On June 3, the Svedok weekly was prevented from distributing its last issue, with unclear legal justification. The magazine had republished an interview in the Macedonian press which purported to be with Milorad "Legija” Lukovic, the prime suspect in Djindjic’s murder.
Svedok’s director and chief editor Vladan Dinic said the Borba publishing house had suspended distribution on the orders of an unidentified government official - without informing the weekly.
The ministry of culture and information issued a press release describing the Legija interview as “an attempt to agitate the public and diminish the importance of the police investigation, something which is absolutely unethical”.
The editor in chief of the weekly Blic News, Zeljko Cvijanovic, was fined 50,000 dinars for libel on May 30. The case had been brought by Vladimir Popovic, head of the government’s Information Bureau, who has often been linked to pressure on media. IWPR tried to contact Popovic on several occasions, but he was unavailable for comment.
The trial - which was a criminal rather than civil action - was problematic. Cvijanovic says he had trouble finding witnesses because people were too scared to come forward. He also told IWPR that he was not allowed to take witnesses to the stand – not even the ones that the court had approved at previous hearings.
Citing pressure by the police and some members of the government, Cvijanovic resigned as editor of Blic News on June 4.
At about the same time, Serbia’s interior ministry filed charges against Cvijanovic and another journalist, Jovica Krtinic, who had written a story alleging that an investigation into the murder of former police general Bosko Buha had been deliberately undermined.
In an extraordinary move, the next day the ministry asked parliament’s committee for culture and information to look into media reporting that they say threatens the work of the police. It suggested that some critical articles had been written to order, and proposed publicly naming the financial backers of private media.
The independent press saw the move as another way of exerting pressure on them by depicting them as a danger to law enforcement.
One of the concerns that Belgrade editors put to IWPR was what they see as the lack of decisive action on the part of the international community.
“I don’t understand why there hasn’t been a clear reaction from the international organisations, since as time goes on the situation is getting more complicated,” Matic told IWPR.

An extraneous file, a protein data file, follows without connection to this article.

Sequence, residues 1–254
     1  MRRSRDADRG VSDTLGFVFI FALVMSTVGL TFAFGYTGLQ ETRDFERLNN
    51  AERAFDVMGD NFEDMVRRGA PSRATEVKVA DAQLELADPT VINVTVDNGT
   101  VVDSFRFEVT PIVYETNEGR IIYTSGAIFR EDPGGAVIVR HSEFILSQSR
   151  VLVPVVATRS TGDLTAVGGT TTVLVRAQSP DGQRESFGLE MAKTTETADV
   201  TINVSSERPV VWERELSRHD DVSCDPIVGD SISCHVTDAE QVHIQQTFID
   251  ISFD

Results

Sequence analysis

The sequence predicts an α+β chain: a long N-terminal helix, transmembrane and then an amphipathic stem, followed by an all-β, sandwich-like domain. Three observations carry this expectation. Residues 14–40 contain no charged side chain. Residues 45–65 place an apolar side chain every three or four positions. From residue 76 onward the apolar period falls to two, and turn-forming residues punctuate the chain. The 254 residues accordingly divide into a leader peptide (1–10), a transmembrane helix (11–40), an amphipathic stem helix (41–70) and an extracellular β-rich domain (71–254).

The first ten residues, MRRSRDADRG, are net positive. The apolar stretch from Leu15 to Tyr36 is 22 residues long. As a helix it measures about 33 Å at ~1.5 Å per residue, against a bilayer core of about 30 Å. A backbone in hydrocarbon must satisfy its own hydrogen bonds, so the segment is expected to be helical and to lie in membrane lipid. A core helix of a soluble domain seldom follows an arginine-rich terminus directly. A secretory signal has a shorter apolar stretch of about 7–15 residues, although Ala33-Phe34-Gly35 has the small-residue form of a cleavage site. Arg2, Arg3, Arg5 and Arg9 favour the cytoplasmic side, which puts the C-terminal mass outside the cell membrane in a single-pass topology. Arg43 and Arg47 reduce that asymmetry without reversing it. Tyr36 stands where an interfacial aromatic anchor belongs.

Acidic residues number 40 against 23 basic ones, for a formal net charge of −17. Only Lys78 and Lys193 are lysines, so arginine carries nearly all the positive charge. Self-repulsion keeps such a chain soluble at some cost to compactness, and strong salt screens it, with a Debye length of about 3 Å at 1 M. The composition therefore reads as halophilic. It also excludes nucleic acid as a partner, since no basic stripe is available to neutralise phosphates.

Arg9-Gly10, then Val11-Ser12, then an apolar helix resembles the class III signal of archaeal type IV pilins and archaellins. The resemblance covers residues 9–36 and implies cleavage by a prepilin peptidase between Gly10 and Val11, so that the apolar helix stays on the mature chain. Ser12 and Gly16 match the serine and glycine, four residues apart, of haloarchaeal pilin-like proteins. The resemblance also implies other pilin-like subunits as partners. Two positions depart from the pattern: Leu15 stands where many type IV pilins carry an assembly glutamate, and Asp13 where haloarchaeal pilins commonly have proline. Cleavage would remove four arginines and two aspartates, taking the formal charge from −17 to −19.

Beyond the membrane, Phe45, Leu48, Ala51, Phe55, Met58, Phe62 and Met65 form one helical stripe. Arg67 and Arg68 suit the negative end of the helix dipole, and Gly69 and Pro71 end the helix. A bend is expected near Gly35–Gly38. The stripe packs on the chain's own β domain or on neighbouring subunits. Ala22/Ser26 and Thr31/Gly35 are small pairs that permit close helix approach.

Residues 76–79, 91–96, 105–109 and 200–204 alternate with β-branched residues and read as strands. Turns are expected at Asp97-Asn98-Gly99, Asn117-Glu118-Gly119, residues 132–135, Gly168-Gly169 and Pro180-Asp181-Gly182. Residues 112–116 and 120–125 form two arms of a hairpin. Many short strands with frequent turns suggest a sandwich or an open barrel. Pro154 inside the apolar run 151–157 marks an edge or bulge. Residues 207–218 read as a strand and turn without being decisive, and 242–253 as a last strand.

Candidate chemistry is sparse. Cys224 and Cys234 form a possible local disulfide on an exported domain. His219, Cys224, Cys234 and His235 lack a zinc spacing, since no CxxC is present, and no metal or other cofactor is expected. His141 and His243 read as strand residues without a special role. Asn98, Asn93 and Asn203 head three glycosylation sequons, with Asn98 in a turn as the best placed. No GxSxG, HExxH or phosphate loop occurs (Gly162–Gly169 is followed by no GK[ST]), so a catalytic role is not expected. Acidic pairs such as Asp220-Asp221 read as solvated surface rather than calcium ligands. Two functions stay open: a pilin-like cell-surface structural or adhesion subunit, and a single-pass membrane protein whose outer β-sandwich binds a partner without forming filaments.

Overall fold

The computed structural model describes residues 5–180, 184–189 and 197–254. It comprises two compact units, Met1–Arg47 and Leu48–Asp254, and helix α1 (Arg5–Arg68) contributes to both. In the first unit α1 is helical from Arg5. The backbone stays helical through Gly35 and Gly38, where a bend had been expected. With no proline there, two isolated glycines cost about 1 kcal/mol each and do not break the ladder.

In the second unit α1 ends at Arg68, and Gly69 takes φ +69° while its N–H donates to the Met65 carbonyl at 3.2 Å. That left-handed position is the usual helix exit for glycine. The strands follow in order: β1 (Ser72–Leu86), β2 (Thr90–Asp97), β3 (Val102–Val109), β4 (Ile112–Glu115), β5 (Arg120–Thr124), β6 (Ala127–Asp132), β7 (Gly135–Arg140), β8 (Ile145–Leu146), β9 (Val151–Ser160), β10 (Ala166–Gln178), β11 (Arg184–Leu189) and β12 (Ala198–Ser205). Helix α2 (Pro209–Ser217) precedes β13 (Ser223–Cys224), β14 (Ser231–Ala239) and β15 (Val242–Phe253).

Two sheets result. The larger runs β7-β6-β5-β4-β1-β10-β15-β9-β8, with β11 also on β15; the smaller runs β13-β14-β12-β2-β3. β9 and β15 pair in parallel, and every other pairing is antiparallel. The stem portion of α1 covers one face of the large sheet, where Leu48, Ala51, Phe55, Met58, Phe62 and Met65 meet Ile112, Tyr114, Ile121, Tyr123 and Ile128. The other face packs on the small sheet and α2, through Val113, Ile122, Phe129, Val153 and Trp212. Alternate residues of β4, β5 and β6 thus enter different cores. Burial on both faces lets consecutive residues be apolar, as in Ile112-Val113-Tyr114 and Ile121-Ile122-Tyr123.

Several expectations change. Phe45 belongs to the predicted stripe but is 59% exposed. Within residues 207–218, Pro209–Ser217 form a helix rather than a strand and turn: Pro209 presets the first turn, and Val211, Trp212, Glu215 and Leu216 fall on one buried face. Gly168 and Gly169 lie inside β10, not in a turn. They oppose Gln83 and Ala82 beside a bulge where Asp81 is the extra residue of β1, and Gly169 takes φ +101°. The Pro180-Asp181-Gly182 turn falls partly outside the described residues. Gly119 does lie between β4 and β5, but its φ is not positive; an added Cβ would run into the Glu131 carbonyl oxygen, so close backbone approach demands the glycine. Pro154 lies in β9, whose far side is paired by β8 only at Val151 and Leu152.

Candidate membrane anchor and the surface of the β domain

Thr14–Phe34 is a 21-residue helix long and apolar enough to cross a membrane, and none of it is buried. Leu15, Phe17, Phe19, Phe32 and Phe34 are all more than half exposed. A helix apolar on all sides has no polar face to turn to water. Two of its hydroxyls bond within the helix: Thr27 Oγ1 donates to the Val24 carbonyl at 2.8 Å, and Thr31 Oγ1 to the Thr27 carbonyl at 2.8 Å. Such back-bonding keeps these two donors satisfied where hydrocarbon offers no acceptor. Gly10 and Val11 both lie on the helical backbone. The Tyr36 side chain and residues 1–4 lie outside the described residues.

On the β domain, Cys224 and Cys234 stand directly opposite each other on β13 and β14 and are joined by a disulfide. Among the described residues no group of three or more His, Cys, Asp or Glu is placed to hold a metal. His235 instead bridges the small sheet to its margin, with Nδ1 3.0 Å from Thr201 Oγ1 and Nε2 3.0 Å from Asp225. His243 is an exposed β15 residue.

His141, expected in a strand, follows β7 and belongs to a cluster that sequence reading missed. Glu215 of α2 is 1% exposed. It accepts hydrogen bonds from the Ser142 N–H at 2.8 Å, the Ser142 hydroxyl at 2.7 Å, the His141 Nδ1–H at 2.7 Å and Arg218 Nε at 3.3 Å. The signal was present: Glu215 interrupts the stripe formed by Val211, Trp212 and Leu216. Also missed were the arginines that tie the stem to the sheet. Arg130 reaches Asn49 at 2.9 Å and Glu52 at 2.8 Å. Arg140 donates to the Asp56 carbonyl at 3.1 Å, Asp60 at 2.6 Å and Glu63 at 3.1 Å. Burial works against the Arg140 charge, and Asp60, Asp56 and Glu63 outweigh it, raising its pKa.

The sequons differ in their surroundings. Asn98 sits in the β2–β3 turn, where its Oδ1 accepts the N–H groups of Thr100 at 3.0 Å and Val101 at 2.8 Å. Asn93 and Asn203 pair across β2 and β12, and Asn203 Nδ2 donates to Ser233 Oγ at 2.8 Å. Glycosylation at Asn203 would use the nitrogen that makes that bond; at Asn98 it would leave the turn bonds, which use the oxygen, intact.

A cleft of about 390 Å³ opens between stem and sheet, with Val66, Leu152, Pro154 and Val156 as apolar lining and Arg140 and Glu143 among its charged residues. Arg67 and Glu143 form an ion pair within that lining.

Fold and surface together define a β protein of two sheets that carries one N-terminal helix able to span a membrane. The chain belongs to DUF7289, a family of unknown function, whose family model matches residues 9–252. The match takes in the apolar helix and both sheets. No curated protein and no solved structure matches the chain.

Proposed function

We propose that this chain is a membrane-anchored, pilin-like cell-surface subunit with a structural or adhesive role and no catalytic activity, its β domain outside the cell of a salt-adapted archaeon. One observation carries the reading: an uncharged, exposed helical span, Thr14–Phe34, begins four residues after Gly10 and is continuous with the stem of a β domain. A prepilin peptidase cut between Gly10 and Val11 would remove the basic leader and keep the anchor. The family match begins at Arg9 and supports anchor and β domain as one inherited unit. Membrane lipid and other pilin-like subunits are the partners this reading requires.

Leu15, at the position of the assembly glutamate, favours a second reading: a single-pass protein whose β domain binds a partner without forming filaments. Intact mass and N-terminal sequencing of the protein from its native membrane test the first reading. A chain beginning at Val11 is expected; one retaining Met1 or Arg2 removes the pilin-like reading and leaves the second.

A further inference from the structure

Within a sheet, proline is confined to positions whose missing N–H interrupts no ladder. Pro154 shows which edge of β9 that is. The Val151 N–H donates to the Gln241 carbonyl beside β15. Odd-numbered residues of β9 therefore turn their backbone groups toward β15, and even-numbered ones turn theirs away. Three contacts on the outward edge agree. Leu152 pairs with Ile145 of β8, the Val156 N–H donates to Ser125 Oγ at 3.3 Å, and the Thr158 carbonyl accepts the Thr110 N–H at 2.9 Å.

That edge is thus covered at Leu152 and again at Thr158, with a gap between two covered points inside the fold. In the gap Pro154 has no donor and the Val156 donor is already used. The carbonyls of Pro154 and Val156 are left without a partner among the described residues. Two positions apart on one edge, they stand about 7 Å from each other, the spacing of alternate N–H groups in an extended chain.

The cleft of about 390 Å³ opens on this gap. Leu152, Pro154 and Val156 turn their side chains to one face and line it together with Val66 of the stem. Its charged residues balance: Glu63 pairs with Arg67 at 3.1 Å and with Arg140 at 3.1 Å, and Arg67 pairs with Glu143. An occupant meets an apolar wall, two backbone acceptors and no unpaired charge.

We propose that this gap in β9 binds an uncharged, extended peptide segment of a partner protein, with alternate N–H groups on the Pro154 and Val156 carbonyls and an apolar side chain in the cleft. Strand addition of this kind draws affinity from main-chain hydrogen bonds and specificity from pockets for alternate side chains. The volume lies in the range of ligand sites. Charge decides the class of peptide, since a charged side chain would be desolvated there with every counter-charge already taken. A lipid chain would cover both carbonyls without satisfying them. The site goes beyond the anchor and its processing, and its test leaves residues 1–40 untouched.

Since Djindjic’s assassination, the international community has tended to praise the Serbian government for its fight against organised crime, and to express general political support for it. Media problems have been seen as a low priority.
The Council of Europe representative in Belgrade has criticised the government over its handling of the media, and the EU delegate to Serbia and Montenegro has said the objections raised by some in the Serbian media provide cause for concern.
But critics in Belgrade say the international community has failed to take a firm enough stand. Some are even calling into question the role played by internationals.
Vojin Dimitrijevic, a legal expert who heads the Belgrade Centre for Human Rights, told IWPR that the office of the OSCE in the capital has openly sided with the authorities.
As an example, he noted that the organisation had backed the legality of the government’s position in the dispute over Broadcasting Council appointments. “The OSCE has openly supported the breaking of laws,” he said.
When IWPR asked the OSCE about its position on the council appointments, its spokesman Rory Keane would not set out definitively what it was. All he would say was that there appeared to be some irregularities in the setting up of the council. “Aspects of the law were violated. We have appealed to the competent bodies to respond," he said.
Dragana Nikolic-Solomon is assistant editor with IWPR in London. The IWPR team in Belgrade also contributed to this article.